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EQS 2024 Keynote and presentation information

Headshot of Karen Diver

Karen Diver

Keynote

The featured keynote speaker at this year’s EQS will be Karen Diver, Senior Advisor to the President for Native American Affairs at the University of Minnesota. Karen will speak on “Native American Tribes and Indigenous Peoples: How Can Libraries Build Respectful Relationships.”

Karen’s talk will take place from 9-10 a.m. in the Cowles Auditorium.

Breakout presentations

We are also excited to announce this year’s presentation topics:

Adult Education Resources and Navigation Training, presented by Sophie Phan and Caspian Jensen
In this session, we will explore the importance of Adult Basic Education (ABE). There will be a live demonstration of how to use the Adult Literacy Hotline to find ABE programs near you. Flyers for the Hotline will be made readily available in multiple languages. This is a great resource if you often encounter learners who are looking for ABE classes, such as GED prep classes, English (ESL, ELL), computer, job skills and more.

All about Minitex, Minnesota’s State-Funded Library Consortium, presented by Zach Miller
Minitex offers state-funded services to all Minnesota libraries. If you aren’t taking advantage of our services, your patrons are missing out!

Art and the Business Library: Using Business Reference Principles to Start a Small Pottery Studio, presented by Alison Nelson Chabot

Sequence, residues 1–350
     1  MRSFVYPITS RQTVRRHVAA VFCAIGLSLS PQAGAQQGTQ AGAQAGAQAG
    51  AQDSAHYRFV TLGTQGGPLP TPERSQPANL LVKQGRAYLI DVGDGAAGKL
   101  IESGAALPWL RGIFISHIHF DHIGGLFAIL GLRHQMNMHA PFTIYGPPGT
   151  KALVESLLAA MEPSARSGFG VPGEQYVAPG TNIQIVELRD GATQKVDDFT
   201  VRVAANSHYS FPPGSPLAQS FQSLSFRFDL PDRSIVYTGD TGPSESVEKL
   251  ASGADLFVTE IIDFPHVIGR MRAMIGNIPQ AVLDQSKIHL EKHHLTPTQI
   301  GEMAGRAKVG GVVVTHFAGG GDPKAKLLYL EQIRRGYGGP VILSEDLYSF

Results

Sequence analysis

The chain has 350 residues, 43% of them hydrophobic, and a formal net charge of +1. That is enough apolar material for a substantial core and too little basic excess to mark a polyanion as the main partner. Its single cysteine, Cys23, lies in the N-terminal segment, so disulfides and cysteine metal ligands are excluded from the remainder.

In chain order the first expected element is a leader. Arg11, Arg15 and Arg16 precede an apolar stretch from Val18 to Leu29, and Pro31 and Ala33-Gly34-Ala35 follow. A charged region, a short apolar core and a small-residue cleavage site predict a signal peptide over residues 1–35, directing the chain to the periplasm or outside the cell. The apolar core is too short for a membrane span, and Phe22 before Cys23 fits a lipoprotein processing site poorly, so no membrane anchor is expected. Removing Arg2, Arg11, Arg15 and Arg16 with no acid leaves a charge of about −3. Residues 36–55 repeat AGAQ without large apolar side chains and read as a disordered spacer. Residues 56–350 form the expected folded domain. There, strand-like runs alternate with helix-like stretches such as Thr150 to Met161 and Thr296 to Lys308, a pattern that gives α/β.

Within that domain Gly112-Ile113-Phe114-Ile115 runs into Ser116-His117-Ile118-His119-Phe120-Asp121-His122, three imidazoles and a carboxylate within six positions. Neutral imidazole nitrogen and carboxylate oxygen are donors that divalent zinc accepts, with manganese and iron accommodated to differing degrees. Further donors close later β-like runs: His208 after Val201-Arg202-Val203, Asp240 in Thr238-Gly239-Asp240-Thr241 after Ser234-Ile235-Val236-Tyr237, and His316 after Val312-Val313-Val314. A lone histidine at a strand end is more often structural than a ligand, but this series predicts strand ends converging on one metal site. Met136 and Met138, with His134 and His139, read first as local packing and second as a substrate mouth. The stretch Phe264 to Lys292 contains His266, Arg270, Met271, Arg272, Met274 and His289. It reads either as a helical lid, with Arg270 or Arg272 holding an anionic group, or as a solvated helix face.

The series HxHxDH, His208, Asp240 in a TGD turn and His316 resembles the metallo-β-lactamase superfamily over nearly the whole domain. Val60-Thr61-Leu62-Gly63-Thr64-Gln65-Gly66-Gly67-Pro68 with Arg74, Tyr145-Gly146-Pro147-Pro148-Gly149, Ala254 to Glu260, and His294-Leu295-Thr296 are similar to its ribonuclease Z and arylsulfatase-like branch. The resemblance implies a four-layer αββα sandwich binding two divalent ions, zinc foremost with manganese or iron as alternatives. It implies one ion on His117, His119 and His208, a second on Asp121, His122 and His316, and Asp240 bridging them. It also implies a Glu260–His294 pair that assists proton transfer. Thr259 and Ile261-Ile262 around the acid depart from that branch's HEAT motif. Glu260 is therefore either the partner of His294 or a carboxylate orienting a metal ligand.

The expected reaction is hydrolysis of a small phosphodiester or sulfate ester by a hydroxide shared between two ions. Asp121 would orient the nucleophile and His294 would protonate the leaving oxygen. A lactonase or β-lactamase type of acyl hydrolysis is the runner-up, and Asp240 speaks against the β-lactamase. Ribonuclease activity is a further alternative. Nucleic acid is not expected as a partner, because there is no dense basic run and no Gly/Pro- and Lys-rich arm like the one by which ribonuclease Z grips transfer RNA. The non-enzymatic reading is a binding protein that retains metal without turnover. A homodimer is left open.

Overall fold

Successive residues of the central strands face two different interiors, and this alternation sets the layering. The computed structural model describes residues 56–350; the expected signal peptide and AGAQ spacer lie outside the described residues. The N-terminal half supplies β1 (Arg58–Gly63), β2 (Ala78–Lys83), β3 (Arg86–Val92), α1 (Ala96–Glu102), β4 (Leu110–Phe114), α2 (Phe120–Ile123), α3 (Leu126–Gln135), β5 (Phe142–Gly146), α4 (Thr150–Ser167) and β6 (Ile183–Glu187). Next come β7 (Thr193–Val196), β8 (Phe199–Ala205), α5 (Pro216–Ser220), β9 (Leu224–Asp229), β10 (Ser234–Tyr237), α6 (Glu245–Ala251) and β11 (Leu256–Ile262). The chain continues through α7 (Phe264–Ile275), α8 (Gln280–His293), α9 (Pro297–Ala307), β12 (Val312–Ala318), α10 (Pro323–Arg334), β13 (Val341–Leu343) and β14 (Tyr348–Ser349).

Presenting on how business research has informed and benefited my art. “Business research isn’t just for business students.” Part of this presentation would go over balancing Acceptable Use policy.

The Art of Observation: A Hands-on Exploration of Botanical Art, presented by Alyssa Gregory
This workshop will introduce participants to the world of botanical art through an exploration of Andersen Horticultural Library (AHL)’s collection and hands-on activities. The workshop will begin with an introduction to botanical art, highlighting works from AHL’s collection — from the 1500s to today! Participants will have an opportunity to practice their own observations through drawing exercises that emphasize the importance of looking closely at intricate details of natural specimens.

Book History 101, presented by Anna Opryszko
Working in libraries, we may handle books all the time, but how much do you know about the history behind them? Join this session to get an overview of the history of the printed book, participate in hands-on activities to understand how they were put together, and get up close and personal with old books from the Wangensteen Historical Library!